On August 12, 2014, Prime Minister Narendra Modi inaugurated two hydro projects in Jammu and Kashmir — a 44-MW Chutak hydroelectric project in Kargil district and a 45-MW Nimoo Bazgo project in Leh district. At the time of its launch, the Central government stated that these two projects would be selling electricity at the tariff of Rs 6.33 per unit and Rs 6.26 per unit, respectively. According to the presentation, the current tariffs at these two projects are Rs 8.76 per unit and Rs 6.83 per unit, respectively. The presentation stated that “cheaper power is available in power exchange” for state discoms.
Another major issue raised in the presentation is the “long-drawn process” that hydro projects have to go through in order to get green clearances. On this issue, the ministry told the Standing Committee last year: “We have analysed the reason as to why hydro power is not coming up at a desired stage. The reasons which we have understood so far are various clearances. When I say various clearances, clearances mean environmental and forest clearances and then there are some land acquisition issues; there are rehabilitation and resettlement issues; and there are legal and social problems also. In the last 10 to 15 years, there has been tremendous social resistance to the large hydro projects.”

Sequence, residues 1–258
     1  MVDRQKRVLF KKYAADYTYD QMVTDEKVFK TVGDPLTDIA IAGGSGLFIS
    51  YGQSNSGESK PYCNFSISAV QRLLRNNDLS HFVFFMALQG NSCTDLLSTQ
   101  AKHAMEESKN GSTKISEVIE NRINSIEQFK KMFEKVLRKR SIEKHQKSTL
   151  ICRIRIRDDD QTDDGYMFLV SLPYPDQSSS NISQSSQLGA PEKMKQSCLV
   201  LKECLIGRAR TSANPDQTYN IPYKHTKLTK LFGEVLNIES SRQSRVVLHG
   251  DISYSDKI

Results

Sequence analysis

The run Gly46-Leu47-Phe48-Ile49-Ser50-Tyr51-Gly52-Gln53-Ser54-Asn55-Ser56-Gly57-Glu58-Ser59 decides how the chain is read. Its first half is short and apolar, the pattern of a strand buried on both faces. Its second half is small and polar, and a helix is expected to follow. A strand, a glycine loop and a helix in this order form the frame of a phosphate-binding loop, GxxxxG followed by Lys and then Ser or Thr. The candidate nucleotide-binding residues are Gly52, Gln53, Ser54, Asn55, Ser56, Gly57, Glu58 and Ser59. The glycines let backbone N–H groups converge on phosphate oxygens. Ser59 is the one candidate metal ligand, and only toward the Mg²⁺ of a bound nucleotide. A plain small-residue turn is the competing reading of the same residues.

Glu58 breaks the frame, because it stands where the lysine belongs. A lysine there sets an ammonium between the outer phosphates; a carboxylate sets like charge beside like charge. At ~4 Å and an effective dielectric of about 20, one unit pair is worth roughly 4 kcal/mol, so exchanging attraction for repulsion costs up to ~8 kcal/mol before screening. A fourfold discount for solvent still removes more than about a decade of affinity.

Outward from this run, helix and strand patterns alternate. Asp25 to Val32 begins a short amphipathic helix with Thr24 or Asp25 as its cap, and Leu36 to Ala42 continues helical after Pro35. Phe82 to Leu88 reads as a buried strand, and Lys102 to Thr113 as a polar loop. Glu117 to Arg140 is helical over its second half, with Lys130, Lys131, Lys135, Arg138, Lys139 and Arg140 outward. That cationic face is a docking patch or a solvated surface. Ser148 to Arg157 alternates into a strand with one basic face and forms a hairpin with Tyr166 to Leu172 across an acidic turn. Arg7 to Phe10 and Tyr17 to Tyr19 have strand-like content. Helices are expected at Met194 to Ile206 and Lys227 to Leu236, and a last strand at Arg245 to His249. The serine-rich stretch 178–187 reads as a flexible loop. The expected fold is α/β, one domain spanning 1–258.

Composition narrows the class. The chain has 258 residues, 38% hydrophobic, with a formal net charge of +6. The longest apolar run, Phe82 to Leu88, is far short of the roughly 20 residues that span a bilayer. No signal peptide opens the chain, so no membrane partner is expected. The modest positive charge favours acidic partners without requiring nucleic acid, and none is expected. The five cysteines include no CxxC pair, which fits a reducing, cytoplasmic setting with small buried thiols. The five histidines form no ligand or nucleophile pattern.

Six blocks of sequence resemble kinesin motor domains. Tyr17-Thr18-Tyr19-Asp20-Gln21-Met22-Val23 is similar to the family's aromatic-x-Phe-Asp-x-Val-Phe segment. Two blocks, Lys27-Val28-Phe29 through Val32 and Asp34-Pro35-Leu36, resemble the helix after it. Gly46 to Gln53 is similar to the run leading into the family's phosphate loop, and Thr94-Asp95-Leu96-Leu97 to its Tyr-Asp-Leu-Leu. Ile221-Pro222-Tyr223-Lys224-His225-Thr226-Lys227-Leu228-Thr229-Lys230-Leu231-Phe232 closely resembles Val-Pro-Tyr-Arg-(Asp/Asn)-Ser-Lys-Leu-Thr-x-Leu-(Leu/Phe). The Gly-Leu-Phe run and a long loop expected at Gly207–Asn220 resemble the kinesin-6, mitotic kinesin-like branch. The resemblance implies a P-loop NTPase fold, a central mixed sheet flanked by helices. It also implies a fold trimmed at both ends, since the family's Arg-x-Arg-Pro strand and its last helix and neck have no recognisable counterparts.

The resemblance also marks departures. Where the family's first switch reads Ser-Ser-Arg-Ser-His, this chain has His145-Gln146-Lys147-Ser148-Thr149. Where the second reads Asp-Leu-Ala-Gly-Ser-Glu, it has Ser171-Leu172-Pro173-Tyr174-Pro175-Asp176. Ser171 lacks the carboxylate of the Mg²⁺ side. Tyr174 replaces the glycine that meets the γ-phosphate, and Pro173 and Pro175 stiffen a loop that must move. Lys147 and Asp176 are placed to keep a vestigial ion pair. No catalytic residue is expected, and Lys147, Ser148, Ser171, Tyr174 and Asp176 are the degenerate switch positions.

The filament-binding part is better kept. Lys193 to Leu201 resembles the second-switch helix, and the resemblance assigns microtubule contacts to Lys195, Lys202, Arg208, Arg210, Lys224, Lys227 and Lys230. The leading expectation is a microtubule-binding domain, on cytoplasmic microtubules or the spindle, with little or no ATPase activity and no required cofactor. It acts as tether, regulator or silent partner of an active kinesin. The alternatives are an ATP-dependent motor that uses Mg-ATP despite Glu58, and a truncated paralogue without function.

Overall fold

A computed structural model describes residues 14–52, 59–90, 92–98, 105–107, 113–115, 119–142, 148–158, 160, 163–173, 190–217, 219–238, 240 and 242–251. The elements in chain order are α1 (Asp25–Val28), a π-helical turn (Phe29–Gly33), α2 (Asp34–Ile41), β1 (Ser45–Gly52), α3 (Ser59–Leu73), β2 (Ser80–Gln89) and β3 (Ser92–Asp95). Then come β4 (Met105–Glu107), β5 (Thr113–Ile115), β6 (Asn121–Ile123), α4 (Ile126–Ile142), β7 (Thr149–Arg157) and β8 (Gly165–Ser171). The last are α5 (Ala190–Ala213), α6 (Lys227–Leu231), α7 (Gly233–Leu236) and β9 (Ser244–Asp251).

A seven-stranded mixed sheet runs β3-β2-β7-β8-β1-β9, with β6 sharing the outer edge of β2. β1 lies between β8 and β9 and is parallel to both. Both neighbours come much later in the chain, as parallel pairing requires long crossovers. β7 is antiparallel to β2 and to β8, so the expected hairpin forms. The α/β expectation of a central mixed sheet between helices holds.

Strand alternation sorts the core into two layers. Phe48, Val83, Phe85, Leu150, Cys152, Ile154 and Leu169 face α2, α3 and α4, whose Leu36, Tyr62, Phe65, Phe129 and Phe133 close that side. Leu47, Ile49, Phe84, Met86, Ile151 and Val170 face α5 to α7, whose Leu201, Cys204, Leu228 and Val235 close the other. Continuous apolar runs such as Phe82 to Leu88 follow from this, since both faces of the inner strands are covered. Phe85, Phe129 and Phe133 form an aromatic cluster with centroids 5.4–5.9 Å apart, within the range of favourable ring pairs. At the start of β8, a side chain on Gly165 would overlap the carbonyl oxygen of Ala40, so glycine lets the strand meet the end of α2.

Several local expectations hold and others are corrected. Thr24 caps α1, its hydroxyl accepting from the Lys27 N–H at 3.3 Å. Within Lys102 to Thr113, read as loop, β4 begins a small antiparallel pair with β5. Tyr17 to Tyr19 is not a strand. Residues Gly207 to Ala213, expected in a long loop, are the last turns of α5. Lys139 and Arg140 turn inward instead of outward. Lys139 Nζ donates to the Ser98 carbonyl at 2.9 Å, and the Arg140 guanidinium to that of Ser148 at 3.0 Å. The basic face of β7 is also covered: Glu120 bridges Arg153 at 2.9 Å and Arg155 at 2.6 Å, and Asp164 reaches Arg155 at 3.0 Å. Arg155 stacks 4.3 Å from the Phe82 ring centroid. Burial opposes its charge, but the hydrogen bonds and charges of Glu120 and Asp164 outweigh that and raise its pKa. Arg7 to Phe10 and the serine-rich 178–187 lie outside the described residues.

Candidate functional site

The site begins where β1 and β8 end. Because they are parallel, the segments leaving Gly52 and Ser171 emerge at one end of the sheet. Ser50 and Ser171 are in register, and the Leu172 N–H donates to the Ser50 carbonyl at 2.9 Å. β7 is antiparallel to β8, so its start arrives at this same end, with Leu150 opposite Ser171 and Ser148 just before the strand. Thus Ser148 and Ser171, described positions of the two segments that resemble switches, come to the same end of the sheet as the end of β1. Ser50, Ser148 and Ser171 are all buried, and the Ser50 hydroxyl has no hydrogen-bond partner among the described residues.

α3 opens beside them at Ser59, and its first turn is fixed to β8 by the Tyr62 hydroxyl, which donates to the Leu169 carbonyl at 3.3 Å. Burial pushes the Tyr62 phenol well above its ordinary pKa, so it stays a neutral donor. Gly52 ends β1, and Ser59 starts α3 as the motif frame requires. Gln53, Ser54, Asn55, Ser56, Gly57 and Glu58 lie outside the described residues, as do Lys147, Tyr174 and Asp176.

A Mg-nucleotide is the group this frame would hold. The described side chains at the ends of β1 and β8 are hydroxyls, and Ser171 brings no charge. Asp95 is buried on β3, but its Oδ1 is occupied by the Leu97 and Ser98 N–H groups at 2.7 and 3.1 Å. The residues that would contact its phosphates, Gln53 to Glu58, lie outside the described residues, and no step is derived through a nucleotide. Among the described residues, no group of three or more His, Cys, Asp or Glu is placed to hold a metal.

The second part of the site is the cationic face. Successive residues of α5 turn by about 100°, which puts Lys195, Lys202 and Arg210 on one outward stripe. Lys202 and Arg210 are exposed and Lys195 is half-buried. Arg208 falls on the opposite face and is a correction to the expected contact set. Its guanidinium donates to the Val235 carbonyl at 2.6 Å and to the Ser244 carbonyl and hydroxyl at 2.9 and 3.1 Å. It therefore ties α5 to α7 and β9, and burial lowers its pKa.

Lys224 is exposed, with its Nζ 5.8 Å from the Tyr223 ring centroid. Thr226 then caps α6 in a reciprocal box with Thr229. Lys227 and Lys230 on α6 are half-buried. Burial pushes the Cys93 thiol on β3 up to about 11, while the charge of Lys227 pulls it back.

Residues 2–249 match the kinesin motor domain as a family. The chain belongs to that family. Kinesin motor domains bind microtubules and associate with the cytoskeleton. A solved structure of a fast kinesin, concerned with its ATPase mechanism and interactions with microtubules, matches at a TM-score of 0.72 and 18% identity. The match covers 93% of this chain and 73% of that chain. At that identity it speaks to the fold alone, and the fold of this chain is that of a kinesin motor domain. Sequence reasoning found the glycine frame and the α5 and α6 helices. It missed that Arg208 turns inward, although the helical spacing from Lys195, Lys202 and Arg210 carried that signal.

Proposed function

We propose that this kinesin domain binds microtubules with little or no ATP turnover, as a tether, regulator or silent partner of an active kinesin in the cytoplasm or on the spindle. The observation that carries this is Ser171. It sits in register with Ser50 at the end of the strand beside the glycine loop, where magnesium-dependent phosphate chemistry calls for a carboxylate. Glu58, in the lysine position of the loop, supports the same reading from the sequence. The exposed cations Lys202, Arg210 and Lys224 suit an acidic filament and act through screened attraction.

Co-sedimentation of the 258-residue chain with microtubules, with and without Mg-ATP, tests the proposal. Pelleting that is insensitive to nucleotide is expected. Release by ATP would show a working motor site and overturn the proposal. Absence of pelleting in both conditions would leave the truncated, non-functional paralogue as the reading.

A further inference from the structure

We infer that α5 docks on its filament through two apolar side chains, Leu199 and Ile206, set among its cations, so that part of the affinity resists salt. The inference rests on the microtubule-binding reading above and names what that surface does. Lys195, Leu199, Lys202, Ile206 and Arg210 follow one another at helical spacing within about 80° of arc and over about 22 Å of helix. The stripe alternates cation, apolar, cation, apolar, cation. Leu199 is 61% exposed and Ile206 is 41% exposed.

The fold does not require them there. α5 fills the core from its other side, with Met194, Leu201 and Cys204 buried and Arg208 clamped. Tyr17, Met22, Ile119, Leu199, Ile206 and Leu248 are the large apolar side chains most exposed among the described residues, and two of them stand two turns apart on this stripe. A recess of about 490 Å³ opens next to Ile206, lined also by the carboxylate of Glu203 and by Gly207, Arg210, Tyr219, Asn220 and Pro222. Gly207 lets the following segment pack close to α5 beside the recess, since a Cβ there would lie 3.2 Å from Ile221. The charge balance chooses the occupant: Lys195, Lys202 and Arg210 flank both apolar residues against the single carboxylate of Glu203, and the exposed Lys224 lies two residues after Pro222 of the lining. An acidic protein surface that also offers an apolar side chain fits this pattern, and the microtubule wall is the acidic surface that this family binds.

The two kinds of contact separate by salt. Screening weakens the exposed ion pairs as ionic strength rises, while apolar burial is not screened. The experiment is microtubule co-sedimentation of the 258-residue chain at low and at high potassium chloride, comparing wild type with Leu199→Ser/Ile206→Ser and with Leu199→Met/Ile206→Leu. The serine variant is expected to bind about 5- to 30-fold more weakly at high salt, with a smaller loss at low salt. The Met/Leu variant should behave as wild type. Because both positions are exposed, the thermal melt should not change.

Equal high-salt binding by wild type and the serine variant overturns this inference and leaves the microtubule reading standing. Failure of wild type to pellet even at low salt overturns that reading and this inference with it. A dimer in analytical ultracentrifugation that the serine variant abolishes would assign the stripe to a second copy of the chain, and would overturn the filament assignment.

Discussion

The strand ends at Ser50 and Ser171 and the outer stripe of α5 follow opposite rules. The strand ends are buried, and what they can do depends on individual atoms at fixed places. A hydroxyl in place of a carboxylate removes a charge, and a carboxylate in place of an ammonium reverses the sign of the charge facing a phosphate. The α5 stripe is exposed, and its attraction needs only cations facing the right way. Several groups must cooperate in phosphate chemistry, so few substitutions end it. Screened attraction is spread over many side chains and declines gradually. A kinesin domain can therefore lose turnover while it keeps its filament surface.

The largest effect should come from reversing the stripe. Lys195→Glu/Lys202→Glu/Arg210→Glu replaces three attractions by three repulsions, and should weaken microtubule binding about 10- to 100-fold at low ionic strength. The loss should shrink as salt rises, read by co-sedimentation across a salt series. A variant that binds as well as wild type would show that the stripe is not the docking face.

Land acquisition and other local issues were also raised at the September 6 meeting. According to the presentation, Kashang-III hydro project of 65 MW capacity is stalled in Himachal Pradesh since 2011 due to “agitation by locals” and “subjudice matter”. It also stated that Ratle hydro project of 850 MW capacity is stalled in Jammu and Kashmir since July 2014 due to “local disturbance and Indus Water Treaty issues”. Vishnugad Pipalkoti hydro project, which is situated in Uttarakhand and is of 444 MW capacity, has been hampered due to issues related to forest clearance and “local disruption”, according to the power ministry.
Inter-state issues are also troubling hydro power projects.
Development of four hydro projects — Shivasamudram, Mekadatu, Hogenekkal and Rasimanal — have been “affected” due to Cauvery water dispute between Tamil Nadu and Karnataka. These four projects are of 345 MW, 400 MW, 120 MW and 480 MW capacity, respectively. On September 6, Singh was also made aware about the NHPC Limited’s Subansiri Lower Project, which is of 2000 MW capacity and is stuck since December 2011 due to protests in Assam as well as Arunachal Pradesh. According to the presentation, Rs 8,000 crore have been spent on Subansiri Lower project as yet. It also states that “stalling of this project has hit investor confidence” and “the fate of this project is keenly watched by other developers”. The National Green Tribunal has put a stay on Subansiri Lower Project.
Additional cess imposed by various state governments on hydro projects has created an “additional burden”, according to the September 6 presentation. The presentation states that Uttarakhand and Sikkim charges “Green Cess” and “Environment Cess”, respectively. Similarly, Jammu and Kashmir as well as Uttarakhand charge “Water Cess”, which is adding to project cost. According to the minutes of the meeting, Singh “desired that these issues” of “additional cess levied” by various state governments “should be taken up expeditiously with the (respective) state government at higher level due to non consumptive use of water and to ensure non-escalation of tariff”.